Unfortunately, there’s no way to manually change which VPN protocol is used. Arun wasn’t able to tell us whether OpenVPN automatically chooses TCP or UDP, or if the app would switch to IPSec if our device was having issues with OpenVPN.

All he said was OpenVPN should work because it’s the default – and if it isn’t, we’d need to reinstall the app.

This was not good news, to be honest.

No Kill Switch or Split Tunneling – What About DNS Leak Protection?

VPN Kill Switch

We’re very disappointed to confirm SurfEasy doesn’t have any kill switch feature.

After we explained what a kill switch is, Arun from support told us they weren’t planning on introducing the (very important) security feature any time soon, but didn’t tell us why. Instead, he just insisted it shouldn’t be necessary because SurfEasy has a 99.9% uptime record.

This means if your device stops communicating with the VPN server for even a split second, there’s nothing to stop your private information from leaking until the connection is regained.

There isn’t any split tunneling feature either, unfortunately. This isn’t such a big deal – we consider it a nice-to-have rather than an absolute necessity.

On the plus side, we didn’t experience any drops while testing SurfEasy, nor did we find any IP or DNS leaks. So even though the provider doesn’t advertise having any sort of DNS leak protection, it does seem they have something in place that works.

No Double VPN/Multi-Hop Feature, But You Can Use TOR

We like seeing a Double VPN/Multi-Hop feature. It boosts your security by connecting to a second VPN server via the first – which means your encryption level is doubled and it becomes twice as hard for websites to determine your physical location.

SurfEasy doesn’t have this feature (Arun from support didn’t know what it was, so no hopes of it being included in an update either). But it’s another nice-to-have in our books… unless you’re somewhere with draconian censorship laws, like the UAE or China.

You can sort of mimic the effect by using the free proxy browser, The Onion Router (TOR). However, there are a few caveats.

Tor Logo

First, TOR’s encryption levels are very low, so we strongly recommend using it with a VPN rather than alone. Second, doing so will negatively affect your connection speed by quite a lot. TOR can often slow your internet speed even by itself (it reroutes your connection via 3 remote, typically randomly chosen servers), but it’s always a definite result of using the TOR-over-VPN method.

The good news is if speed isn’t a priority for you, it’s entirely possible to use TOR with SurfEasy. Just make sure you connect to a VPN server before opening your TOR browser and do whatever you usually do to keep yourself in a state of infinite, zen-like patience.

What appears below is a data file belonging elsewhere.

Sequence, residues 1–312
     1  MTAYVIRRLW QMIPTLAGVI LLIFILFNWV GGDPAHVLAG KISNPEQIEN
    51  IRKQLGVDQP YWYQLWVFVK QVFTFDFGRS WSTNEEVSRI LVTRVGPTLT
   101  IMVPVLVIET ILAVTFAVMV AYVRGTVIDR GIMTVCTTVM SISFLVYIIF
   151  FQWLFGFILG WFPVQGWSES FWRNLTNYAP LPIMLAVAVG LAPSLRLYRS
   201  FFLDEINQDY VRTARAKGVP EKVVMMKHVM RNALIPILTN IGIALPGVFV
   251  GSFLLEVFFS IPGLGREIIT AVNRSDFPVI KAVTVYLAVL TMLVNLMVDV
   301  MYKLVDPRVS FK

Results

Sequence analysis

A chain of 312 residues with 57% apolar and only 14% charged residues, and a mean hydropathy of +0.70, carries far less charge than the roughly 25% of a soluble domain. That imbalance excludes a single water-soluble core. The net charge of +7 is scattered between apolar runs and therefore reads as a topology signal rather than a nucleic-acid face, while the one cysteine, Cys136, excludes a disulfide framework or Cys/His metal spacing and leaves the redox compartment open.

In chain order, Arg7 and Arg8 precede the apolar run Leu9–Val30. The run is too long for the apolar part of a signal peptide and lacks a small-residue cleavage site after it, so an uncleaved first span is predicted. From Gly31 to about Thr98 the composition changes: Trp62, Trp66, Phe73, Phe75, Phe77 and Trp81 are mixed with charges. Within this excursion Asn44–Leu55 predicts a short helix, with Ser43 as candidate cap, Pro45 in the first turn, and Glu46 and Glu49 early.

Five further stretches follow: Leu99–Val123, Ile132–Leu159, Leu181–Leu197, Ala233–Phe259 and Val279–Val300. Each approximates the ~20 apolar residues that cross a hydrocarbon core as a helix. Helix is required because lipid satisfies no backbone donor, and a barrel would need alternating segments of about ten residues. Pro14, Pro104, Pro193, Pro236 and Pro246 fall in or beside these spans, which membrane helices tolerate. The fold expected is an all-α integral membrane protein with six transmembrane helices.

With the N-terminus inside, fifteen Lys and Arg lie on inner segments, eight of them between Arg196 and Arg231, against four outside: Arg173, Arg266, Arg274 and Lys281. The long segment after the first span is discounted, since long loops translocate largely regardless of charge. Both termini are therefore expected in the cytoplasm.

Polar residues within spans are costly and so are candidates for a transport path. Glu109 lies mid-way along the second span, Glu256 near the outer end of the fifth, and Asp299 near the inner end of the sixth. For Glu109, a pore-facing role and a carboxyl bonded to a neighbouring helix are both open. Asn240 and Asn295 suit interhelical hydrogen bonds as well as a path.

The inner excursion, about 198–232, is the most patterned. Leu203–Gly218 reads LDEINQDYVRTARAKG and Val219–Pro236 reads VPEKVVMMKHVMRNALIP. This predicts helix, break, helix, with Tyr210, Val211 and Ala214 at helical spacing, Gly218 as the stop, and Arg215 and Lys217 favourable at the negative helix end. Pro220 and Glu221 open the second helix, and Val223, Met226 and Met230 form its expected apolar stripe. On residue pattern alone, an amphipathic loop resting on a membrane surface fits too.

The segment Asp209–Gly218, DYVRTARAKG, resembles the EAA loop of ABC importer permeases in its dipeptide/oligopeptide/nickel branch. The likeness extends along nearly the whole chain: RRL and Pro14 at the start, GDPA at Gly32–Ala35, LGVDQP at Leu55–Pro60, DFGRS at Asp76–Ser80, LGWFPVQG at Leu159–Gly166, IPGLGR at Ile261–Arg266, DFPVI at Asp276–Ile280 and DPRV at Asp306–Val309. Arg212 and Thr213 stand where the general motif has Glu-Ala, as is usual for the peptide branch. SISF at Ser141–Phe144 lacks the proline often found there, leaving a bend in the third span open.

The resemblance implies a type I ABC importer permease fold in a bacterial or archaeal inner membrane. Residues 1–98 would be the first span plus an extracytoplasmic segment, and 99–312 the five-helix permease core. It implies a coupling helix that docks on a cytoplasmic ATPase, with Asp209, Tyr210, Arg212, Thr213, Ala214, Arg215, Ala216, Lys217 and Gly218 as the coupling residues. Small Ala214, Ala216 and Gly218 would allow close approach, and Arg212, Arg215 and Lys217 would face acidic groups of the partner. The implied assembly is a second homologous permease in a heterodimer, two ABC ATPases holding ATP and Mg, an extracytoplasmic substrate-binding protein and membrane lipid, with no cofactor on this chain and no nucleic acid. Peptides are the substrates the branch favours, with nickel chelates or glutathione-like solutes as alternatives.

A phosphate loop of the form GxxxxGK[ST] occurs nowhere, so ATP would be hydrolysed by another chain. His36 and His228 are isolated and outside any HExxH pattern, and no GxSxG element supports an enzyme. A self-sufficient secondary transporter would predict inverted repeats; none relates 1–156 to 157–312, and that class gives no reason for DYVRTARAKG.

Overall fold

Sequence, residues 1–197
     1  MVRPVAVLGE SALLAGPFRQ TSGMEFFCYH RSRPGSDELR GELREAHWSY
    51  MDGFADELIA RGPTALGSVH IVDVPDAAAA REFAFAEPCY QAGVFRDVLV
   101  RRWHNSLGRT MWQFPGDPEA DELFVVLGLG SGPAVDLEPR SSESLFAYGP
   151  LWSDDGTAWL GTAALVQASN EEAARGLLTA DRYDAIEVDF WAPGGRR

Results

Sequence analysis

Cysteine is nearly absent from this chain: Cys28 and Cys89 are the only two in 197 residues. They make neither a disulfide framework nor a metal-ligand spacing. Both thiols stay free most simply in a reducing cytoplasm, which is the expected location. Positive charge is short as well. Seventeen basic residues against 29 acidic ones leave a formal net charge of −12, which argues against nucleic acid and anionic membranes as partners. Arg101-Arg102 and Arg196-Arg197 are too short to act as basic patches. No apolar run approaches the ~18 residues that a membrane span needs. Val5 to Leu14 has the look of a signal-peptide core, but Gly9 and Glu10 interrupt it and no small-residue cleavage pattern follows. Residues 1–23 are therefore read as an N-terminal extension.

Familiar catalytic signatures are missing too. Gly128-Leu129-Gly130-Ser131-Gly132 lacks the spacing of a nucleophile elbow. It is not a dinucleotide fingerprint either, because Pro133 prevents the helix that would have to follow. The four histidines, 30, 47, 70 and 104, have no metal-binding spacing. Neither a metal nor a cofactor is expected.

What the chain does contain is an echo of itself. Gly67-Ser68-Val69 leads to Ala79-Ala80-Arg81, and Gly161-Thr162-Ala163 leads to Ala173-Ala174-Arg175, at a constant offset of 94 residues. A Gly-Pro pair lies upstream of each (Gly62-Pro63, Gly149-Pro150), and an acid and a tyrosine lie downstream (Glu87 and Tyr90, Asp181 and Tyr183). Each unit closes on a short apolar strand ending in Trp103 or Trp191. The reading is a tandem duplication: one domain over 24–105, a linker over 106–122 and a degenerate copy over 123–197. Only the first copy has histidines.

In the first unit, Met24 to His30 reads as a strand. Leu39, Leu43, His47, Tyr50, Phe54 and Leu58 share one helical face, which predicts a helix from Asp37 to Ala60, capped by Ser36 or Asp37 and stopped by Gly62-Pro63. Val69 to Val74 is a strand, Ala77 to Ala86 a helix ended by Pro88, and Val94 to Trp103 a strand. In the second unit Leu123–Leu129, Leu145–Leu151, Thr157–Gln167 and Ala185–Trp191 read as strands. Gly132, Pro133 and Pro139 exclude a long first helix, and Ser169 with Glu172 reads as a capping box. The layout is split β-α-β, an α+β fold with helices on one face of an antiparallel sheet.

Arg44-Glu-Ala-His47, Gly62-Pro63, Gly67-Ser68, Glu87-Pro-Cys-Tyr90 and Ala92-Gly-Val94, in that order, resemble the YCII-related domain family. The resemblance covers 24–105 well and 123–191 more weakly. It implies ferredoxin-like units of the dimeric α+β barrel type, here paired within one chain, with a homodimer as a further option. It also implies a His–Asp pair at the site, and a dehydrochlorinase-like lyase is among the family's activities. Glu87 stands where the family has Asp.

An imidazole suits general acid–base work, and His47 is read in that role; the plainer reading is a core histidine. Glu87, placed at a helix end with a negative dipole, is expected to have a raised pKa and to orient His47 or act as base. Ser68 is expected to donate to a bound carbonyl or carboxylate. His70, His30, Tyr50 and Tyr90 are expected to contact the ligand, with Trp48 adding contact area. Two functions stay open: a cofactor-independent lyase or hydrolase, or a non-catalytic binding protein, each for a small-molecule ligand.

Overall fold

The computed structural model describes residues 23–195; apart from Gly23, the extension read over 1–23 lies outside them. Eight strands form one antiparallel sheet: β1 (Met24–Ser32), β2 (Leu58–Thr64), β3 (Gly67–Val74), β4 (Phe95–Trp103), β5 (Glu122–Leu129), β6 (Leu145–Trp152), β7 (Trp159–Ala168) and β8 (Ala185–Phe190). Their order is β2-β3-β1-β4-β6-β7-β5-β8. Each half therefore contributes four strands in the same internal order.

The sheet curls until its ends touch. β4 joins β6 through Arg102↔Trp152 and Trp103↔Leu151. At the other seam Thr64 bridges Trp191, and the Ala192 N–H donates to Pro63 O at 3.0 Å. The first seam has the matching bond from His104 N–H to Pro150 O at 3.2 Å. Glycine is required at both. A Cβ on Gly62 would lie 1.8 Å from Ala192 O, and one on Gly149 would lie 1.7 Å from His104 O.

How Big is the Server Network?

Apparently, SurfEasy doesn’t want anyone to know how many servers they actually have.

On their home page, they claim to have “over 1,500 servers in 30 different countries.” Their features page says they only have 500 in 28 countries. And their VPN regions page suggests they have “over 1,000 servers in 28 different countries.”

SurfEasy Server Network

Based on what we saw in the Windows app, they do have servers in 30 countries. But that doesn’t necessarily mean they also have over 1,500 servers.

We’re going to stick with an estimate of 1,000-1,500 servers, as it’s the average number given in their claims.

1,000-1,500 servers isn’t a bad number provided the network load is decent. But 30 countries is somewhat limiting, considering the best overall VPN providers offer as many as 60.

Speed

According to user reviews, SurfEasy is notorious for having slow speeds.

There’s a lot that goes into determining how fast your speed will be while connected to a VPN – the distance between yourself and the VPN server, for example. Network overload is another big one.

In fact, there are so many different factors affecting VPN server speed that it’s next to impossible to create a true standard test. We do our best by always using the same devices, server locations, and internet connection, as well as multiple tests over the course of a day.

Just bear in mind your results might be slightly different than ours. But here’s our ballpark experience for reference:

No VPN

SurfEasy VPN no VPN speed

US Server

SurfEasy US Server Speed

UK Server

SurfEasy UK Server speed

Unfortunately, SurfEasy had below average server speeds.

Device Compatibility and Connections

SurfEasy doesn’t do too well on their device compatibility either.

These are the only options:

  • Windows
  • Mac (apparently the version on their website is slightly better than the one found in the Apple Store)
  • Android
  • iOS

There used to be a browser extension available for Google Chrome and the Opera browser (Opera used to own SurfEasy until Symantec took over), but it’s no longer available. All we know is SurfEasy no longer supports the extension.

SurfEasy browser extension discontinued

If you try to find out more by following the link on the announcement page, you just get taken on a loop back to the same page.

Linux users and anyone hoping to protect their router are out of luck, unfortunately.

On the plus side, you still get up to 5 simultaneous connections with a SurfEasy subscription. The industry standard is about 6, but 5 is close enough that it’s not worth complaining about (there’s more than enough to complain about as is).

Subscription Plans and Pricing

This is where things get interesting.